The Commissioner of Higher Education for Massachusetts said he was surprised to hear about anticipated financial difficulties at Hampshire College.
The college announced last week that it's looking for a "strategic partner" to help ensure its future.
Carlos Santiago said Hampshire did the right thing in letting higher education officials know about its issues and plans going forward.
Santiago said the heads-up will help the state be ready for what may happen next.
"Should there be a development that might negatively impact students, we can help them remedy the situation, and get students transferred, if necessary, and insure that they don't lose the credits they've earned, and that they can go into majors they've already started, and a wide variety of things that we think students need some support with," Santiago said.
Meanwhile, the Massachusetts Board of Higher Education is developing a plan to proactively identify small colleges in the state that are struggling financially, with an eye toward protecting students.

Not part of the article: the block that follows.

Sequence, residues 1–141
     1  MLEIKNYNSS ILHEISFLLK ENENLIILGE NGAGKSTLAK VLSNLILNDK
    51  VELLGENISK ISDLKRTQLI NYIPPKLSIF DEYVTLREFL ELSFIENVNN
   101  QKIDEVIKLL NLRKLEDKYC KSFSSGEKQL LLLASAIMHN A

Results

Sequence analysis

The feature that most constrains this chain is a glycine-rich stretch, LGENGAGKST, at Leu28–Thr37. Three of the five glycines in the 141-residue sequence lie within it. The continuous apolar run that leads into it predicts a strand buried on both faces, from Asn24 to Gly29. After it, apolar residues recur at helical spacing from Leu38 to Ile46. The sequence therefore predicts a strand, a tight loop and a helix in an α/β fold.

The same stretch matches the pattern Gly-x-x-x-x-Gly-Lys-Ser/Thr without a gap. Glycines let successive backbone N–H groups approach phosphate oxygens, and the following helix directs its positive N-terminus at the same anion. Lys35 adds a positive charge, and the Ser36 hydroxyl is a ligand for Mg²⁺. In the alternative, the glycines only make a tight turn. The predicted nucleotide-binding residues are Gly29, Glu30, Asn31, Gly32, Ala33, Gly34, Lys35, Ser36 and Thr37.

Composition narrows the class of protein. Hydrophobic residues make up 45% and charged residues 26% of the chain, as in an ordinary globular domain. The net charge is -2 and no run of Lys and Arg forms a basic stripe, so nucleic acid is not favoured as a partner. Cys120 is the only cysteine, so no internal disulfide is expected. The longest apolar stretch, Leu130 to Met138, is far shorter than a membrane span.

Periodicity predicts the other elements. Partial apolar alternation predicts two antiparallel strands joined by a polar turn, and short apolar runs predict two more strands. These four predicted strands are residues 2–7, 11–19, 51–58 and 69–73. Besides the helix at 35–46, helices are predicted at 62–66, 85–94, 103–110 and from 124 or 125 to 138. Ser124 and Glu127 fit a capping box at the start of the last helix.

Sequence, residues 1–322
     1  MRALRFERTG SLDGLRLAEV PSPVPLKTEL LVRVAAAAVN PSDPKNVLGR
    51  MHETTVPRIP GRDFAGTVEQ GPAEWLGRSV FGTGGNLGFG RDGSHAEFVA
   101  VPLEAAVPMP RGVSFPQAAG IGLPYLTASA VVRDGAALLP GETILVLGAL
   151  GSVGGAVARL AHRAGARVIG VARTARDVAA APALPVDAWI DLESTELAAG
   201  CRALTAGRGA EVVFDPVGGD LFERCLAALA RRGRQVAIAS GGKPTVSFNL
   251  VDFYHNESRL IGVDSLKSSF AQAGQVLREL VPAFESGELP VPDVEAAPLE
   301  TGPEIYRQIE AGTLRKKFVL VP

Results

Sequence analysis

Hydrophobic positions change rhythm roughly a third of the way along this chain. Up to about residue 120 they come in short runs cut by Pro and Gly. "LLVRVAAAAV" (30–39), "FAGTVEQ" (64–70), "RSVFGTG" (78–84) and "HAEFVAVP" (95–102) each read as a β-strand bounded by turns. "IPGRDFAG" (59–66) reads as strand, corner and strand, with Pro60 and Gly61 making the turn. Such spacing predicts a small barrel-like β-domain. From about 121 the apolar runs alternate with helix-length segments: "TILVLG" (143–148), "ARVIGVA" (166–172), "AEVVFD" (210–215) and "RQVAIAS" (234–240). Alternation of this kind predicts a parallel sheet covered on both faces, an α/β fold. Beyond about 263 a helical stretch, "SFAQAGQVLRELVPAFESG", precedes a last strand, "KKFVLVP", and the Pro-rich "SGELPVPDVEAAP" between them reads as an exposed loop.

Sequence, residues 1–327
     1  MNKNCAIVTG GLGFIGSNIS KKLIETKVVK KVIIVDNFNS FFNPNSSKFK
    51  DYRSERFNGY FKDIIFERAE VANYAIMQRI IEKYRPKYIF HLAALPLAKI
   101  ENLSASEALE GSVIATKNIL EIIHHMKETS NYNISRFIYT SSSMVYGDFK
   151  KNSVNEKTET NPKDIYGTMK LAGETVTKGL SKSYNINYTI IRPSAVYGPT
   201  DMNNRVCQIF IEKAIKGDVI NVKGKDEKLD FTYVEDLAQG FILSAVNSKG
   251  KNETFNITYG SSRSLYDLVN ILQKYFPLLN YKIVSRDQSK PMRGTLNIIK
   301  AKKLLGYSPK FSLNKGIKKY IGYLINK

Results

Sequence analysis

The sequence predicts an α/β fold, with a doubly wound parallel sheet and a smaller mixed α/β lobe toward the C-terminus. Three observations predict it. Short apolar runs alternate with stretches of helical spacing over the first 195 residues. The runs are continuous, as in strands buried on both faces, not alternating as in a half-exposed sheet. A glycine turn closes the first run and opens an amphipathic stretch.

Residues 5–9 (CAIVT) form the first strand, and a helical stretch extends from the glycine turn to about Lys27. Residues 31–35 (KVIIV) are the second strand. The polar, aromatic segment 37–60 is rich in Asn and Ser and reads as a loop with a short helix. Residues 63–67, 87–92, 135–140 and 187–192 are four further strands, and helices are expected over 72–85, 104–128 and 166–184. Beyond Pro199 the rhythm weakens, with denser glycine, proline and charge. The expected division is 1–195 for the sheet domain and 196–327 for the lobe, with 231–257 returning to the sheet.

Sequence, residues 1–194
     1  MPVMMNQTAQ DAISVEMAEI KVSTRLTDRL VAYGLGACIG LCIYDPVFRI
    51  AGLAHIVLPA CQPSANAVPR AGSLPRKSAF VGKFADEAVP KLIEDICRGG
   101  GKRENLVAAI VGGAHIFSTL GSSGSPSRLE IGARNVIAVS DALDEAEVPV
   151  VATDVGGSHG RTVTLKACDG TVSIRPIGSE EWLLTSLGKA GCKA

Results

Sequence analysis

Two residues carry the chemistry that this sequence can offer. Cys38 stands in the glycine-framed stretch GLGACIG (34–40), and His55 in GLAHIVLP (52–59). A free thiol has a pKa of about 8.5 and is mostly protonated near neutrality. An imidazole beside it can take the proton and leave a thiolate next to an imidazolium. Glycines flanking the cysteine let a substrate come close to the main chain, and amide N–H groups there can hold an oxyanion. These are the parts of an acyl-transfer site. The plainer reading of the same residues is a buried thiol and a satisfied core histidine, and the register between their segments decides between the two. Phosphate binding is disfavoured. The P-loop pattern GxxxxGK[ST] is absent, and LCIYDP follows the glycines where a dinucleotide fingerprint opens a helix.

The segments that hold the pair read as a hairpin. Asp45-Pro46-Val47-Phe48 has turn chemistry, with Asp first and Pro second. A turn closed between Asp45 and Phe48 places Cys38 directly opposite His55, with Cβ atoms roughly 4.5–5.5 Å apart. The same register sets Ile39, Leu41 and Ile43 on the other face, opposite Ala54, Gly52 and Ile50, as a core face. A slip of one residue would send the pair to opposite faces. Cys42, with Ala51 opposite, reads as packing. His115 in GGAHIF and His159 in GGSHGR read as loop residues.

"We certainly are seeing more institutions with fragile financial situations," Santiago said. "In the last five years, we have been involved in over 17 closures, consolidations and mergers, which is a pretty significant number."
One of the most noteable closures was that of Mount Ida College in Newton. Officials there faced criticism for giving students only a few weeks' notice that it was closing. That created issues for current and future students who had to look for a new school. The campus was purchased by UMass Amherst.
Also, Newbury College in Brookline has announced it will also be closing this spring.
As for Hampshire College, amid its shaky financial forecast, it is also considering whether to admit a new class of students this fall — something school officials say will be decided by the start of February.